Don’t exceed the cheese needs, lest ye need to freeze.

This sounds complicated, but it becomes second nature very fast.  You can do the bulk-buying strategy without the price book; lots of people already do this (either by buying a large amount at Costco or just stocking up at the grocery store when there’s a sale), but if you haven’t paid close attention to what constitutes a good price per unit, you risk getting snookered by the huge tub at Costco or by those grocery-store “sales” that aren’t really sales.  Sometimes I see a “two for $5.00” label on the cheese blocks, and I cruise on by, knowing that I can do better.  Too cool for the cheese section, that’s me.

Anyway, I have not been putting a lot of energy lately into keeping our grocery costs down, especially in the last couple of months, when it’s just been me and the Snork Maiden at home.  But after today’s sticker shock, I think I’ll start stocking up again–a little bit now, on nonperishables like canned goods, and more later, when our summer travels end and fall rolls around.  Since there are only three of us, we don’t go crazy with dozens of cans, but when we’ve been carefully bulk-buying for a while, our weekly grocery totals are lower because we have the makings of multiple meals at home, and our cart looks like this: milk, fresh produce, coffee, and six jars of spaghetti sauce. 

I wouldn’t be surprised if by now there was a grocery version of GasBuddy to help you with this, but I suppose it would be complicated to organize, given the thousands of products in any grocery store and how stores and prices vary from area to area.  Making your own price book, for your own area, reflecting the one or two or three stores you’re willing to hit, is probably a better use of your time.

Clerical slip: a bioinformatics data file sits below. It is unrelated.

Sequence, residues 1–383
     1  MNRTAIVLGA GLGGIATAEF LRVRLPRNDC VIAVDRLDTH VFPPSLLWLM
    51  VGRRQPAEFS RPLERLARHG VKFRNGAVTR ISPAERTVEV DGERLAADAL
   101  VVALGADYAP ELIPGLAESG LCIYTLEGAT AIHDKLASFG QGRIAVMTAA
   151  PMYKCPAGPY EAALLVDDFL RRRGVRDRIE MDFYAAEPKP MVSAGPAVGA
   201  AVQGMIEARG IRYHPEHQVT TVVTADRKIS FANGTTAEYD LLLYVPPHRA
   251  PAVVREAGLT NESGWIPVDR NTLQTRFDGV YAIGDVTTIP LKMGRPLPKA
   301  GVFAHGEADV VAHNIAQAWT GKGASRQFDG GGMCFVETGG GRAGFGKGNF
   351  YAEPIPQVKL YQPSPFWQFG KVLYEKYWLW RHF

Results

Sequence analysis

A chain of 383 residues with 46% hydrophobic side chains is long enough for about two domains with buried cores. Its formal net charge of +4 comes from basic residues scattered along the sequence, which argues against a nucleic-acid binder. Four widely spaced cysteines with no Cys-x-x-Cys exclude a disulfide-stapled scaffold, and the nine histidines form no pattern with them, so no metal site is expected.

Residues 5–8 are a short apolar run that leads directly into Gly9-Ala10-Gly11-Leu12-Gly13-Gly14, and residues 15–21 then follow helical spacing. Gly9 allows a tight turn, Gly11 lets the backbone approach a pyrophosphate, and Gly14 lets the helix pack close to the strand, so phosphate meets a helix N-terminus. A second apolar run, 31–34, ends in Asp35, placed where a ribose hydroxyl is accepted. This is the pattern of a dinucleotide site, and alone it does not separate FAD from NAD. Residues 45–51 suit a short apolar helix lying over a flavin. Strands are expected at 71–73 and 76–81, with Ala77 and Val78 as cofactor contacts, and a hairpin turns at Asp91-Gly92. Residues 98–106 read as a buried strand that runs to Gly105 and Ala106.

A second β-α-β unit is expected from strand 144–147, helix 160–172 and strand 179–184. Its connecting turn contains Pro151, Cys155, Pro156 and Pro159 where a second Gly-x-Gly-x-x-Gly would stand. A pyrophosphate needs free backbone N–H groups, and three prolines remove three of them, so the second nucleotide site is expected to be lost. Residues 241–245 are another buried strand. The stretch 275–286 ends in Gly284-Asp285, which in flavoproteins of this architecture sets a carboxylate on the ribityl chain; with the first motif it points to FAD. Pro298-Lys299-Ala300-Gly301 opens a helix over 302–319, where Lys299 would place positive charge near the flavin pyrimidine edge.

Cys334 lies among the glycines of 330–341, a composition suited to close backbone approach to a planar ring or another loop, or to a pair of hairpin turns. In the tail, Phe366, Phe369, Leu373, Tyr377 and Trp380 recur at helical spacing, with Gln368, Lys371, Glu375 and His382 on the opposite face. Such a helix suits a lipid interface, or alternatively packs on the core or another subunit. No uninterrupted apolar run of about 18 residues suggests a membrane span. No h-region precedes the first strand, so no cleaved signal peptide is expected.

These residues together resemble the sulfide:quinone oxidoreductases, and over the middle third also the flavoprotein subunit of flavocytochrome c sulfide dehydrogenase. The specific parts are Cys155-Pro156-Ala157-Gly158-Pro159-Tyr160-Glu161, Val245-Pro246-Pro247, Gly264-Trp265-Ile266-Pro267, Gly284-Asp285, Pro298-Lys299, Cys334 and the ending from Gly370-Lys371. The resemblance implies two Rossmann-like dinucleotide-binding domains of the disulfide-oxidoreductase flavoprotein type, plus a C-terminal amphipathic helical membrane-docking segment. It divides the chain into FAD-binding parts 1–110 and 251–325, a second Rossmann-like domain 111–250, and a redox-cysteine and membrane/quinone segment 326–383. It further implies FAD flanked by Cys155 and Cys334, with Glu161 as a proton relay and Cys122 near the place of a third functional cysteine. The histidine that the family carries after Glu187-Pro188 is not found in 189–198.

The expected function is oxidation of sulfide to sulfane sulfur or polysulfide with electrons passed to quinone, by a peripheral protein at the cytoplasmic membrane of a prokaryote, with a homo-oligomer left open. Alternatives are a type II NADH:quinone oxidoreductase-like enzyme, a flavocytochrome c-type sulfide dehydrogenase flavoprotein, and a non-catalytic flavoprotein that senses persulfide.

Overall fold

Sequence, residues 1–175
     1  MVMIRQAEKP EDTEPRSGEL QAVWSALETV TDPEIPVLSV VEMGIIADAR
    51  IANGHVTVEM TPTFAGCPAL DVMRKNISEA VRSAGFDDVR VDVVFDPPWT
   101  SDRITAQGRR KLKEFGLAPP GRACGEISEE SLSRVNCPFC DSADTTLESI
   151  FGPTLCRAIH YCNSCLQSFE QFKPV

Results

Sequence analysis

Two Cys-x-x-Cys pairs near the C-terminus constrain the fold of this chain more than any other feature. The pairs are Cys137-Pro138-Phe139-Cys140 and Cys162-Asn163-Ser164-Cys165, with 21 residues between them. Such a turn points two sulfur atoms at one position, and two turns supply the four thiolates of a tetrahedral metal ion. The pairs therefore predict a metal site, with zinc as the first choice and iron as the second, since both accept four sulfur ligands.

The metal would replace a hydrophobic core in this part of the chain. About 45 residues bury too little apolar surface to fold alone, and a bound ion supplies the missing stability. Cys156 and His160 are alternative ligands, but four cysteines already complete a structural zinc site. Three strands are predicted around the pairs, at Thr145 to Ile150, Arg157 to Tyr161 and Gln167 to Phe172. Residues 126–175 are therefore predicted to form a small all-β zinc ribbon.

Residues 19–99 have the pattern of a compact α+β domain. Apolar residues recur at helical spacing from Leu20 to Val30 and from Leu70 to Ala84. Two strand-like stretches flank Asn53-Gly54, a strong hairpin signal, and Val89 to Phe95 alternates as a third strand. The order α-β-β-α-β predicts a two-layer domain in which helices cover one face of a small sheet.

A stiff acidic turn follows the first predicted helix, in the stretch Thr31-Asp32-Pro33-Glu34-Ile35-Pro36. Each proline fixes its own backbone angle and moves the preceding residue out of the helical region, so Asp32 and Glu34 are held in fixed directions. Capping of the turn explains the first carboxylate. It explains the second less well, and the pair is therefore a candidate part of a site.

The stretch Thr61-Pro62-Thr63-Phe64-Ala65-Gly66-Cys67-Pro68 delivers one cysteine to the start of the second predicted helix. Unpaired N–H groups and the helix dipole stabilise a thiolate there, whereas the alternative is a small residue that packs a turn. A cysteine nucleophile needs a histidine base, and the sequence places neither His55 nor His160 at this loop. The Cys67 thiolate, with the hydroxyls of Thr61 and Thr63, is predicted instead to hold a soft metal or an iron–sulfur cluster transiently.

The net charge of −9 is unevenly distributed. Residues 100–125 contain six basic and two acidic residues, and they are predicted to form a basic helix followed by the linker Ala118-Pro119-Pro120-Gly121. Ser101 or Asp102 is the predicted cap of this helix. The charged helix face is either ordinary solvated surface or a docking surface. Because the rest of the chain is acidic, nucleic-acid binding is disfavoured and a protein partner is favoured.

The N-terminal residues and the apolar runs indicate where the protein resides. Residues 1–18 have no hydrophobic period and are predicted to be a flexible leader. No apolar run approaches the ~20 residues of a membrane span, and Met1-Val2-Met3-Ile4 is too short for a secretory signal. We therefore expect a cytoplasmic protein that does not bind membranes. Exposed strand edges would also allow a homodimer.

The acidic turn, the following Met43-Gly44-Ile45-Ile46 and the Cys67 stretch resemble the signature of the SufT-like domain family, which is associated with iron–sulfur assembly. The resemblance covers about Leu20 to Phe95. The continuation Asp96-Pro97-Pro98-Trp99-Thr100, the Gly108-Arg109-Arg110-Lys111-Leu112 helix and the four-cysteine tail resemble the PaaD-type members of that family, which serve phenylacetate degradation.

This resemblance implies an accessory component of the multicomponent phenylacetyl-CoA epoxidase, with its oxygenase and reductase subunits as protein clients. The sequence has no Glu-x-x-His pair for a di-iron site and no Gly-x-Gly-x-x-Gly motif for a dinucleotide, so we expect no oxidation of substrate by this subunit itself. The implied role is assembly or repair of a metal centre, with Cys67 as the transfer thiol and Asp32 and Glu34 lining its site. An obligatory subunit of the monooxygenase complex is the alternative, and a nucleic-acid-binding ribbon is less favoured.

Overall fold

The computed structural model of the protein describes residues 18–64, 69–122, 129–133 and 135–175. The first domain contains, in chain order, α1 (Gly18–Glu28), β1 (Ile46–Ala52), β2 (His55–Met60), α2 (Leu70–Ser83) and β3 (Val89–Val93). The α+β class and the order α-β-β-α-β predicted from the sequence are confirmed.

If you don’t already know the blog The Economical Academic, it’s well worth reading.  It’s targeted to graduate students, but it’s useful to anyone who’s thinking about saving money–and who isn’t, really? 

Oh, and speaking of that egg salad.  I don’t like egg salad or hardboiled eggs myself, but Stubb assures me I make a good one, and BIL & SIL eat it (and the Snork Maiden will eat a regular hardboiled egg).  And I have some eggs to use up (another cornerstone of grocery thrift: using what you’ve got).  And they are boiled now and waiting for me to come and chop ’em up.  See you after the egg salad.

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2 responses to this post.

  1. Posted by Pym Fan on July 2, 2008 at 8:33 pm

    I love the idea of having a system for saving money on things like groceries. Your discussion of stocking up during sales on things you buy often reminds me that I should really make an effort to figure out the pattern in the buy-one-get-one-free sales my nearby standard grocery store has on the croutons I like. The regular price on those croutons has gone up about 50% since I started buying them (granted, years ago). So when those sales DO come along, I buy as many bags of croutons as I think I can get away with without looking like some kind of nut case. And speaking of cheese, what’s with the weird, all-over-the-place prices?? I just discovered that the fancy vegetable-rennet cheddar at my usually expensive co-op-style natural foods store is HALF the price of the run-of-the-mill cheddar at Whole Foods (whereas the cottage cheese I buy is twice as much at NFS as at WF). Weird.

    Reply

  2. I have a kind of similar system — well, I used to, it’s not as formalized now, because as you say it becomes naturalized, and because we buy less and less stuff that goes on sale or can be stockpiled. (There’s only so much storage space for beans in my cupboard). But it’s especially handy when you routinely shop at more than one store (Whole Foods for some things, regular store for others, neighborhood store for quick stops). Thanks for the references, though, I’m interested in following them up…

    Reply